04 April 2010

Let's meet marble and the metamorphics

This post ran on 14 October 2008 originally.

That sounds like the name of a Do-Wop band. So since I touched on igneous rocks in general and granite in particular yesterday, today I want to talk about the metamorphics.

My diagram above shows sedimentary rocks on a sea floor being subducted under a tectonic plate. That sedimentary rock will turn into metamorphic rock given enough time, enough heat and enough pressure. So what was once sediment on the bottom of the sea turns into metamorphic rock as it gets pushed down into the slow cooker that sits directly below our feet. If it doesn't run into anything, it will turn into an igneous rock eventually. But then I wouldn't have anything to write about.

So in our case, the now metamorphic rock is going to run into another continental plate and instead of continuing its long journey down, it's going to be thrust upward like in this diagram.

The blue section in this diagram shows how metamorphic rocks end up back on the surface of the earth after their time spent below ground. That blue section is how we get three common metamorphic rocks used in homes: marble, quartzite, soapstone and a fourth, mysterious stone called serpentinite. I'm going to write a post on soapstone later, so for now I'm going to concentrate on marble, quartzite and serpentinite.

Everybody knows what marble is but what a lot of people don't know is that it used to be limestone, a sedimentary rock. So even though the chemistry of the original limestone and the resulting marble are identical, their molecular structures are different thanks to time spent in the depths of the earth. The same thing happens to turn sandstone into quartzite. Serpentinite is another metamorphic rock that's usually mislabeled as marble (Rainforest Green and Rainforest Brown are examples of serpentinite). Serpentinite starts out as ultramafic rock in the mantle of the earth that gets thrust upward. Serpentinite never spent any time at the surface of the earth and it isn't a transformed sedimentary rock. It's instead the transformed, formerly molten core of the earth.

OK, real life example time.

Here's a slab of Carrera marble. It's a pretty common stone so far as marbles go and most of it starts at around $60 a square foot when it's being made into a kitchen counter. It's composed of calcium carbonate and other minerals and that's what makes it softer and less stain resistant than granite. Despite what everyone claims are its negatives, I'd be safe in saying that it's my favorite counter top material. It's a classic, it holds a temperature perfectly, it looks great and 11 million Italian families can't be wrong. Embrace the stains people.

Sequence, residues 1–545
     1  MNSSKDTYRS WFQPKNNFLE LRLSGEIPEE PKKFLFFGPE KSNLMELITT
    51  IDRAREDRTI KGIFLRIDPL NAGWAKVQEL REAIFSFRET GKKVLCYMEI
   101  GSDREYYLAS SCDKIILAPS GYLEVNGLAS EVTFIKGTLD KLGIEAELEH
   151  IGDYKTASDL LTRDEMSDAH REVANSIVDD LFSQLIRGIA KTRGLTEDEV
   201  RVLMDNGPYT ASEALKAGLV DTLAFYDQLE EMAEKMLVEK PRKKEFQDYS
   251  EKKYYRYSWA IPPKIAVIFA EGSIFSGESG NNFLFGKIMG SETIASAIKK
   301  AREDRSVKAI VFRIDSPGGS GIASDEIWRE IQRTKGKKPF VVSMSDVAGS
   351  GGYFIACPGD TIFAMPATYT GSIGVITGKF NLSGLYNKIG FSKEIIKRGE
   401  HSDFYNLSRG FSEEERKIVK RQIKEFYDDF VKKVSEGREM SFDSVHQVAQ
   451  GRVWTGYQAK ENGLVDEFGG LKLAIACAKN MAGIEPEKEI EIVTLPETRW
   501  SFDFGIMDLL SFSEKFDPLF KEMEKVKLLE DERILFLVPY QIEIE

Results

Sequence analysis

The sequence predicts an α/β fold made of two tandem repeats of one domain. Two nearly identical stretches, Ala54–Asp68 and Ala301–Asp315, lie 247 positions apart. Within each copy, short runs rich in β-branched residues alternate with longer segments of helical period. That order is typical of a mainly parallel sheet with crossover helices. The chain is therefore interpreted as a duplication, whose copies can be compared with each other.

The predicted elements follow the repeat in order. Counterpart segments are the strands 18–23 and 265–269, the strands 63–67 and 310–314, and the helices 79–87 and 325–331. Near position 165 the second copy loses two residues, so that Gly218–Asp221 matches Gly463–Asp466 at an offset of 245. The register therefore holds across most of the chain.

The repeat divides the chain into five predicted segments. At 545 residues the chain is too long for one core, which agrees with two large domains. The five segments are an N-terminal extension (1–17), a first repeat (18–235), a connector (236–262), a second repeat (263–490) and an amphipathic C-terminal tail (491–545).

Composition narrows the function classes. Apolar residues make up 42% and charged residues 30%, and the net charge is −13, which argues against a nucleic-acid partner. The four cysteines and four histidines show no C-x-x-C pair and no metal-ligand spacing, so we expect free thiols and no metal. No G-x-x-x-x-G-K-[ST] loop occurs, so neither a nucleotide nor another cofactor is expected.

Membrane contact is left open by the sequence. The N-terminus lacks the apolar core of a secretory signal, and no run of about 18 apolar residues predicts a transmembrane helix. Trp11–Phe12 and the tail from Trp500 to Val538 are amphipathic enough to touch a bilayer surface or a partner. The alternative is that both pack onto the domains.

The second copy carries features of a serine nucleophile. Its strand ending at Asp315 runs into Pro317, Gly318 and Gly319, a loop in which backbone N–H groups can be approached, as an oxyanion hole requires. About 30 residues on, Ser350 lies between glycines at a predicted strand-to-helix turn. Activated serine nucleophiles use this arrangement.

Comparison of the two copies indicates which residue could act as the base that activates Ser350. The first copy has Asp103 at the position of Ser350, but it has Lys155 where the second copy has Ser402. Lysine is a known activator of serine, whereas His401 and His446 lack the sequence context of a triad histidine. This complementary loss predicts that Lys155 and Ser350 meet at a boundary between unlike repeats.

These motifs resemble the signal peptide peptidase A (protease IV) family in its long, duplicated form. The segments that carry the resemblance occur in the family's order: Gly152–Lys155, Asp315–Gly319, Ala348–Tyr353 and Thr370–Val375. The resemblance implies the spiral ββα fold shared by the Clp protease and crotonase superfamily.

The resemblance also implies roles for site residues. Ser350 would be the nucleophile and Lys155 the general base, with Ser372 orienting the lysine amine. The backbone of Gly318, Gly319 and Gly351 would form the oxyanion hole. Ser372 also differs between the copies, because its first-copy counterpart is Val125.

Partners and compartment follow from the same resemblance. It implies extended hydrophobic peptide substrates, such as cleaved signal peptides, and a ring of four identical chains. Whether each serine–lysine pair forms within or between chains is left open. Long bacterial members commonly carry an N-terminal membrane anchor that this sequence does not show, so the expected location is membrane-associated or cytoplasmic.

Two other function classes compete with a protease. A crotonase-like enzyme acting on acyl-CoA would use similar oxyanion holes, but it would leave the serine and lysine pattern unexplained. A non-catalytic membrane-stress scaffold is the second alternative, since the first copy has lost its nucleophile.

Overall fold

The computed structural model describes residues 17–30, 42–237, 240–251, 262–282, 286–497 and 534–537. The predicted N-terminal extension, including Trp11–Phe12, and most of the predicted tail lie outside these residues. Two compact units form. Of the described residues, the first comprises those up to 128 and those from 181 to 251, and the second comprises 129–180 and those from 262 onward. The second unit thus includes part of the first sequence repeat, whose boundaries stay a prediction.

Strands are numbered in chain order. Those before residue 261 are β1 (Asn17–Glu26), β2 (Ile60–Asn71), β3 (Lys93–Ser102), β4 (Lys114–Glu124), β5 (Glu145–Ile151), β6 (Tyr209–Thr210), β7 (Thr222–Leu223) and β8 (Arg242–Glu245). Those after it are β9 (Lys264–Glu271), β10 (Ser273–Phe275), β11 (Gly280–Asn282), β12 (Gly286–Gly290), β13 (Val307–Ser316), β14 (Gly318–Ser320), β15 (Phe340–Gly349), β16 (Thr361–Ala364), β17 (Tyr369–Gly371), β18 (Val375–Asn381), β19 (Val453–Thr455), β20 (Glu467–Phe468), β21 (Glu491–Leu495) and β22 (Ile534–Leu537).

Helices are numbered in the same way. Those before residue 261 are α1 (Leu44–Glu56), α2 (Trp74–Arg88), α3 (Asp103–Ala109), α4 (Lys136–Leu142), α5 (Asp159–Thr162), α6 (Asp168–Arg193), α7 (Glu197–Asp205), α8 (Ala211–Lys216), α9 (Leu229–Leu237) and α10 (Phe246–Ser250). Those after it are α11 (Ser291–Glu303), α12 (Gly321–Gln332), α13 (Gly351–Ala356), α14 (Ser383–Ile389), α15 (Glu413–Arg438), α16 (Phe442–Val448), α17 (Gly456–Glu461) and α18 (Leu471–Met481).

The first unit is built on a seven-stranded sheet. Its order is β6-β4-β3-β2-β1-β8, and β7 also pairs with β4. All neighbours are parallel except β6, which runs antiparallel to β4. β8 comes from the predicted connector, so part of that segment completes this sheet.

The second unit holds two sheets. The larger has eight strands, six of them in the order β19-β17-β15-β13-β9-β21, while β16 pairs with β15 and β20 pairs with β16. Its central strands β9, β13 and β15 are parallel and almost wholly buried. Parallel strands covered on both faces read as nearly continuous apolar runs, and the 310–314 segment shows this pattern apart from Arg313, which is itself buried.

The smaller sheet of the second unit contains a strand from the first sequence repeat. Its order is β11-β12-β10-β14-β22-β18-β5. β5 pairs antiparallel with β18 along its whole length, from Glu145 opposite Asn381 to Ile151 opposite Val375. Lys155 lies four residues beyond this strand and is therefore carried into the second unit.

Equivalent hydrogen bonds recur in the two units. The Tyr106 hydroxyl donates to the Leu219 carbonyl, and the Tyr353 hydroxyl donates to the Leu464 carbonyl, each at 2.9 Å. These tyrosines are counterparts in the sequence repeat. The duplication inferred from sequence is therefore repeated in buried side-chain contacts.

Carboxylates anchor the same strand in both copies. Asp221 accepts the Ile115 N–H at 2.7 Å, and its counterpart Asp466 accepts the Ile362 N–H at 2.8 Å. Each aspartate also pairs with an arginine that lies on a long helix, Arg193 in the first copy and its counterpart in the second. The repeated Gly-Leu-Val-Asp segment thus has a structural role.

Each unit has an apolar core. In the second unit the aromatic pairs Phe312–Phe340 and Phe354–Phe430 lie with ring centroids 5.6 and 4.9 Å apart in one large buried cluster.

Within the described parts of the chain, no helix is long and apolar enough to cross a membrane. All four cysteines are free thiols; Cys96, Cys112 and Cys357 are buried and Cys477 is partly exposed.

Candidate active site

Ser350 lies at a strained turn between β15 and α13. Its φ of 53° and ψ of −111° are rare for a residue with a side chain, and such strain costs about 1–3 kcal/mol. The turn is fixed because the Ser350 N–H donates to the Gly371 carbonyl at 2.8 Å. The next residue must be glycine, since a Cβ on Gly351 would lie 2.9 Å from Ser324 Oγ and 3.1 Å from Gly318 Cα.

So here it is in a traditional kitchen. The subway tile on the back wall is also made from Carrera in this kitchen. In life, this is a gorgeous kitchen in a nearly timeless style.

Carrera also looks great in a modern setting. The William Ohs kitchen shown above proves that pretty well.

Marble can also be black with white veins of silica in it and that's stunning in its own right. Although at the end of the day, I think that white marble's easier to work with aesthetically.

This is a piece of white quartzite my client fell in love with last week. White quartzite often gets mislabeled as marble, but they are very different stones. Marble is composed of calcium carbonate and quartzite is composed of silica. The two stones behave very differently. As silica, quartzite will be harder and less prone to staining than marble will. If you look at quartzite up closely, you can see that it has a grainier appearance than marble does. That's from its once having been sandstone.

Quartzite usually has some bright colors in it on a white background. When it looks like this it's often mislabeled as granite and that's unfortunate because it's not granite. Quartzite is more porous than granite is despite their being made from the same elements essentially.

This is a quartzite from Brazil that's always mislabeled and sold as a granite. It's usually called Blue Louise and it is an eyeful. Again, it's beautiful as a piece of stone but as Tim Gunn would say, it's a lot of look. Proceed with caution.

The other big difference between quartzite, marble, serpentinite and granite is the price. Quartzite and serpentinite are always wickedly expensive whether they're labeled properly or not. Marble and granite tend to be more affordable.

Finally, the slab of stone above is always labeled as a marble and it's usually called Rainforest Brown or Rainforest Green. It's not a marble though, it's a serpentinite that's been pushed up from the very bowels of the earth. It's made from a veritable soup of elements ranging from manganese, cobalt, nickel, iron and silica. Even though it's sold as a marble, it's a lot more resilient than marble is and it's usually harder. These stones are great to use in bathrooms, but I wouldn't want to prepare food on them in a kitchen owing to their toxic mineral content.

Granted, the amounts of cadmium, chromium and the rest of them are trace amounts; but I'd like to keep my cadmium intake down to zero thank you.

So there's my run through of some common metamorphic rocks. Tune in tomorrow when I tackle the sedimentary rocks people welcome into their homes.

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